Three UD students win Goldwater Scholarships
Vivek Desai is a junior cellular and molecular biology and philosophy double major with minors in biochemistry, religious studies and anthropology from Newark.
5 p.m., April 17, 2007--Three University of Delaware students--Vivek Desai, a junior cellular and molecular biology and philosophy double major with minors in biochemistry, religious studies and anthropology; Brian Grindel, a junior biology major; and Patrick Knerr, a junior biochemistry major with biology and philosophy minors--have been awarded 2007-08 academic year scholarships by the Barry M. Goldwater Scholarship and Excellence in Education Foundation.

The scholarship program, honoring the late U.S. Sen. Barry M. Goldwater of Arizona, is designed to encourage outstanding students to pursue careers in the fields of mathematics, the natural sciences and engineering. The Goldwater Scholarship, the premier undergraduate award of its type in these fields, covers the cost of tuition, fees, books and room and board up to $7,500 per year.

Desai, from Newark, who has been conducting research in the molecular details of secondary cataract problems that a high percentage of people are facing in many less developed countries, said the scholarship will heighten his confidence and interest in his pursuit of a career as a scientific researcher.

“I am putting together a paper on that topic, and I hope it will be published during my senior year,” Desai said. “I would have to thank my research advisor, Melinda Duncan, associate professor of biological sciences, for allowing me do research in her lab from my freshman year and then helping me at each step as the project progressed.”

Grindel, from Claymont, who has been studying a protein called ERp57 and its expression and regulation in hepatocellular carcinoma, commonly known as liver cancer, said the scholarship will boost his plans for graduate school and a career as a researcher at a university. His adviser is Mary Farach-Carson, professor of biological sciences.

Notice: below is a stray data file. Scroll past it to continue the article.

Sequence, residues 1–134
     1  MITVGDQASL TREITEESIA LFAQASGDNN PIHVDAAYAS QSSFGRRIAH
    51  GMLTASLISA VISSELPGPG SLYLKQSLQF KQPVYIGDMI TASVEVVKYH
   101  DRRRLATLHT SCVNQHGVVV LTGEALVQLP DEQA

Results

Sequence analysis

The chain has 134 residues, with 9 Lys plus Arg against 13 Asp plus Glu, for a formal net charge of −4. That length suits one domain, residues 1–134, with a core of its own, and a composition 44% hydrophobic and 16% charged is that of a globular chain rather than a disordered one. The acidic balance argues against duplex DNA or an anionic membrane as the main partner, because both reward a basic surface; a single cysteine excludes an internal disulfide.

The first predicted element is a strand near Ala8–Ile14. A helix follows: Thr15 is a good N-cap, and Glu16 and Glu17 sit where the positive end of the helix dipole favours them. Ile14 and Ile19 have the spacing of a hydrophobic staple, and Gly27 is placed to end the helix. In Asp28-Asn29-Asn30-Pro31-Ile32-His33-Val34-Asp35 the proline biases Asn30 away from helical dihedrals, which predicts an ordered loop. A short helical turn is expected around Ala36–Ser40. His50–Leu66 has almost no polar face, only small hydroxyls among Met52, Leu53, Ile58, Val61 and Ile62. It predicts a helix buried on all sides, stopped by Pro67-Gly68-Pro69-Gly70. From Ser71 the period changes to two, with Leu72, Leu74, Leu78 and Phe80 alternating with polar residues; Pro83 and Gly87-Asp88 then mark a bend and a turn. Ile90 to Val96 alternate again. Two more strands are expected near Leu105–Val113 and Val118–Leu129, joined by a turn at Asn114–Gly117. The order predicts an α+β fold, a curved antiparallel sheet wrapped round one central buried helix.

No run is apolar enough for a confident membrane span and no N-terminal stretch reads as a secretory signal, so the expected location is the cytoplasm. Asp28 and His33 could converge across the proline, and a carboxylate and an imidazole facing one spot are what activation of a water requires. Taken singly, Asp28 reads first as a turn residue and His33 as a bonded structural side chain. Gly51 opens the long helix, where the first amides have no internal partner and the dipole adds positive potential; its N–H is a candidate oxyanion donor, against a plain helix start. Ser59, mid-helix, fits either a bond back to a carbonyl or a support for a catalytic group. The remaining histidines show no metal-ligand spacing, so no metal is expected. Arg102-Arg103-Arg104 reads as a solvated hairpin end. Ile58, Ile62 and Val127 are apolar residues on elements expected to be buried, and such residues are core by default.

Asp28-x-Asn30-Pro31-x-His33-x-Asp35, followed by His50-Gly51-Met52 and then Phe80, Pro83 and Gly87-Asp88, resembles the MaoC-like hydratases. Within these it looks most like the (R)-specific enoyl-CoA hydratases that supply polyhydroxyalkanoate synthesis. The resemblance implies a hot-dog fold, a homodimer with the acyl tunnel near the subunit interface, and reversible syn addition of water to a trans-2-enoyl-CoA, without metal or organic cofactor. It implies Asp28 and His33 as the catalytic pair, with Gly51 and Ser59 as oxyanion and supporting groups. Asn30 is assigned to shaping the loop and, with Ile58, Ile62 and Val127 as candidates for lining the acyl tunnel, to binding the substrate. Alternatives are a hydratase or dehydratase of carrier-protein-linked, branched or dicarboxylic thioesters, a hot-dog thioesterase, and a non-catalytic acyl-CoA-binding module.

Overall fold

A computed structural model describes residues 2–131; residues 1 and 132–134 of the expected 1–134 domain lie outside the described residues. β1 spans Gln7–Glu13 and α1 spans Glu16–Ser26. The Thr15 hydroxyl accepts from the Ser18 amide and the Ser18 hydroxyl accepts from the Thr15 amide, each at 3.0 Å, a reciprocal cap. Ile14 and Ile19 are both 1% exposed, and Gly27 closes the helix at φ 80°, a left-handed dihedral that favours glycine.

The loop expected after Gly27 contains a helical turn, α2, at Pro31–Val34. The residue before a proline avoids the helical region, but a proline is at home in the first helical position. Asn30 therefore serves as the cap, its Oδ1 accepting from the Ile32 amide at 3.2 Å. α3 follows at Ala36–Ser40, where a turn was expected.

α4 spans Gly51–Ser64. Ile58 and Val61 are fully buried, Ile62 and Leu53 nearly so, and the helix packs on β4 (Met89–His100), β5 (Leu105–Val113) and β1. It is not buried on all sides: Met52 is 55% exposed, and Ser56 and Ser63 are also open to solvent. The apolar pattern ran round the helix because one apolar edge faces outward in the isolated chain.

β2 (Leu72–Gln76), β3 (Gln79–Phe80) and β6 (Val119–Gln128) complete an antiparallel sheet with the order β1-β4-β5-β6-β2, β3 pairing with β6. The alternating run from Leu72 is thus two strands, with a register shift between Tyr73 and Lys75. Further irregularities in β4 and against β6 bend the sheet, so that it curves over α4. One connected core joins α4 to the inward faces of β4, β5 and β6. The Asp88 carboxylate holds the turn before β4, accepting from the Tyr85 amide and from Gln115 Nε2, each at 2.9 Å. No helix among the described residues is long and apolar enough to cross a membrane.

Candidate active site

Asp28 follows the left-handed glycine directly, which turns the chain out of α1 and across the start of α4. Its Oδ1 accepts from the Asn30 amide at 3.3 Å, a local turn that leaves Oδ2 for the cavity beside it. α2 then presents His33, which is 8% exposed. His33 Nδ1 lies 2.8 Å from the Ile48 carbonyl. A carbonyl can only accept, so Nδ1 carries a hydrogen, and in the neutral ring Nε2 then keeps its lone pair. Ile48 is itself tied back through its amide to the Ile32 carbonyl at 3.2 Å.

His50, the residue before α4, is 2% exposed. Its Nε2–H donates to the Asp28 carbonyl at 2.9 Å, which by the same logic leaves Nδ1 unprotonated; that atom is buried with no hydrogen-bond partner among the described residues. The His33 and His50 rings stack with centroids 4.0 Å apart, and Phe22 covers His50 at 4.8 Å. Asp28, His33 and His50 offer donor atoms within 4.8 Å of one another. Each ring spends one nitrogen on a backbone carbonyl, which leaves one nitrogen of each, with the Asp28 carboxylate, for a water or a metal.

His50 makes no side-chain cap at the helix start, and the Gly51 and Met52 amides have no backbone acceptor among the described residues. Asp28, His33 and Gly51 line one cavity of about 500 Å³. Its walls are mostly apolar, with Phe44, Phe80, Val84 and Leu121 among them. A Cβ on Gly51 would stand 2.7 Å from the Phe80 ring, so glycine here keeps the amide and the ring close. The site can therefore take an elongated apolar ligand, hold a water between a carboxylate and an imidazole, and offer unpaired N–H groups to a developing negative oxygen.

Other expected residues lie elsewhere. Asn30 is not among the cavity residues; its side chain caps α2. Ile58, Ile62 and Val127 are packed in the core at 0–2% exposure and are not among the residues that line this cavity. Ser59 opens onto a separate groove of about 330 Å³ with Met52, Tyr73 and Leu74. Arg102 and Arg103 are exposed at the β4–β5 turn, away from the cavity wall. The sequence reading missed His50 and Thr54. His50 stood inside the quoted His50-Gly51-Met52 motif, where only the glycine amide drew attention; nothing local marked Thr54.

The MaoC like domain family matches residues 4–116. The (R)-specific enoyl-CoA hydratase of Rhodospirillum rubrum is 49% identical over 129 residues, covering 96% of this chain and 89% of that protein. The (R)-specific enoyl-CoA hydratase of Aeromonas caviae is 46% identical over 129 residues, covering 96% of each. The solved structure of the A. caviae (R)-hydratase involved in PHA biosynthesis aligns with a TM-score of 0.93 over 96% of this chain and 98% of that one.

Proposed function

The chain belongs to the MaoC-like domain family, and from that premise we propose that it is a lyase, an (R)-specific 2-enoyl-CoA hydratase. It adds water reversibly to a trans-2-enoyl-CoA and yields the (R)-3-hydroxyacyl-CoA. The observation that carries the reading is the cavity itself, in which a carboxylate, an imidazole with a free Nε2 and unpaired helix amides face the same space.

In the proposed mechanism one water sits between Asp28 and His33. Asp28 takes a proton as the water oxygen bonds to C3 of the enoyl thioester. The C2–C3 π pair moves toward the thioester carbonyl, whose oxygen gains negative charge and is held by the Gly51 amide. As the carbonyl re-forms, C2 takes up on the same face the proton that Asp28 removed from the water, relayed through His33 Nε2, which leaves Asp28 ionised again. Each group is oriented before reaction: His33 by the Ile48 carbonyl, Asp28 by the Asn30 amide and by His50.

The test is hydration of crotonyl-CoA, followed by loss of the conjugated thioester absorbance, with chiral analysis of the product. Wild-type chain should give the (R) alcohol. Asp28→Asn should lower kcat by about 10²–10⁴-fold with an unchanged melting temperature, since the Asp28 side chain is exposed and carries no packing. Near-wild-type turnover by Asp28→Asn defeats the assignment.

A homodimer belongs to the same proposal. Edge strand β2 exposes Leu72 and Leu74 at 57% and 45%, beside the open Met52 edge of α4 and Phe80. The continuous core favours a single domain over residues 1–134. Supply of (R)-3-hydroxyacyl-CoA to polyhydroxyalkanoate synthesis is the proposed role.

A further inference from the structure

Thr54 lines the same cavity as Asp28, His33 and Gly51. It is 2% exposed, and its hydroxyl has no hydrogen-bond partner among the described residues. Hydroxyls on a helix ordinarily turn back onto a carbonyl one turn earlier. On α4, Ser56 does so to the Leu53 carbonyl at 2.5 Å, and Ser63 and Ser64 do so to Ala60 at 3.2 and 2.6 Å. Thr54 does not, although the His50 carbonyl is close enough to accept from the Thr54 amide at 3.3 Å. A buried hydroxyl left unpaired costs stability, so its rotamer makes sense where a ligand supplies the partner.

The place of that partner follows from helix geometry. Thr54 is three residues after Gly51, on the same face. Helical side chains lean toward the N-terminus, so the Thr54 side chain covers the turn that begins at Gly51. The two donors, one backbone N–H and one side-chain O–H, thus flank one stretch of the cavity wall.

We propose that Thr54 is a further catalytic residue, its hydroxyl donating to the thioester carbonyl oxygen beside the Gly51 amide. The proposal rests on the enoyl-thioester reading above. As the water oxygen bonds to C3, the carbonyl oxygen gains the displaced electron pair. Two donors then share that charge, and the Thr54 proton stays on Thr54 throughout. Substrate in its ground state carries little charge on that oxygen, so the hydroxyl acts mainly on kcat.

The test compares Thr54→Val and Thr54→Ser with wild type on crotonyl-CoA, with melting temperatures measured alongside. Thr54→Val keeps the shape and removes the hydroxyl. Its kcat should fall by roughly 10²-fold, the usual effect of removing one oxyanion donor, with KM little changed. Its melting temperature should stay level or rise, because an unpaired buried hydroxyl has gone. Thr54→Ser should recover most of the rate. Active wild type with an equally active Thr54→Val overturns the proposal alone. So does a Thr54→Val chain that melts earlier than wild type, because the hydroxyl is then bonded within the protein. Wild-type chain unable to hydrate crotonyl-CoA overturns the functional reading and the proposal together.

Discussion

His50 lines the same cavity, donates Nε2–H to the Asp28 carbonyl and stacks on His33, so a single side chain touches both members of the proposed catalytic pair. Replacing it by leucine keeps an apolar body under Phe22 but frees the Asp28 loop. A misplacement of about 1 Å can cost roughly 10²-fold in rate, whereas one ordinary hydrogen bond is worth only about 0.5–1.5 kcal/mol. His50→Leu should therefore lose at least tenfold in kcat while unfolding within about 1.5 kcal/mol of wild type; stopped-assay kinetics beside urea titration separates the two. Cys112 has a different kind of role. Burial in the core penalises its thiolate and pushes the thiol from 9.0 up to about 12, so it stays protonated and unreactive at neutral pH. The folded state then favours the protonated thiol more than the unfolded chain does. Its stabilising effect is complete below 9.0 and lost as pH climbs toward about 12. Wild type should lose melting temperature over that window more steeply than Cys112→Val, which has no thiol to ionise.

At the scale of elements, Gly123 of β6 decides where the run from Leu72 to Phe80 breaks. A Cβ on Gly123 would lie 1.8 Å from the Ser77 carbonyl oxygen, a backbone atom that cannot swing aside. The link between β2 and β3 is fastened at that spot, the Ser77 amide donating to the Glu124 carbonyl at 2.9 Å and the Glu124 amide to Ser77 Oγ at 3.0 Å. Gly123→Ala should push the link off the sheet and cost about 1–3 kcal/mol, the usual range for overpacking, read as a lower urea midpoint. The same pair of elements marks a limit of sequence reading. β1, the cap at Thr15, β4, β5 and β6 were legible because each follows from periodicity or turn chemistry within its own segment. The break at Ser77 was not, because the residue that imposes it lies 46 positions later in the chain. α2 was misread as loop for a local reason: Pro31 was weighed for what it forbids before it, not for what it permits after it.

Brian Grindel is a junior biology major from Claymont.
“I recently determined ERp57 was largely down-regulated in liver cancer versus normal tissue. Also, for the past few months I have been trying to express ERp57 in liver cancer cells using a GFP (green fluorescent protein) fused to ERp57 so I can easily track its location and movement after treatments,” Grindel said.

“The Goldwater has certainly rooted more firmly my desires to continue my research career in graduate school, pursuing a doctorate in organic or bioorganic chemistry and to go on to run my own research lab,” Knerr, from Emmaus, Pa., said.

Knerr, whose adviser is Joel Schneider, associate professor of chemistry and biochemistry, has been conducting research in the design of metal-triggered peptide hydrogels for use in biomedical applications, such as tissue engineering. He is planning to give presentations of his work at the American Society for Biochemistry and Molecular Biology conference in Washington, D.C., at the American Peptide Symposium in Montreal and at the Beckman Symposium in Newport Beach, Calif.

“The Goldwater scholarship acknowledges not only my own efforts, but those of many people around me. It's a great testament to the efforts of UD's Undergraduate Research Program and the chemistry and biology departments in providing real research opportunities to undergraduates,” Knerr said.

This year's Goldwater Scholars were selected on the basis of academic merit from a field of 1,110 mathematics, science and engineering students who are nominated by the faculties of colleges and universities nationwide.

Patrick Knerr is a junior biochemistry major with biology and philosophy minors from Emmaus, Pa.
Goldwater Scholars' impressive academic qualifications have garnered the attention of prestigious postgraduate fellowship programs. Recent Goldwater Scholars have been awarded 69 Rhodes Scholarships (six of the 32 awarded in the United States in 2006), 72 Marshall Awards (six of the 44 awarded in the United States in 2006) and numerous other distinguished fellowships.

Article by Martin Mbugua
Photos by Kevin Quinlan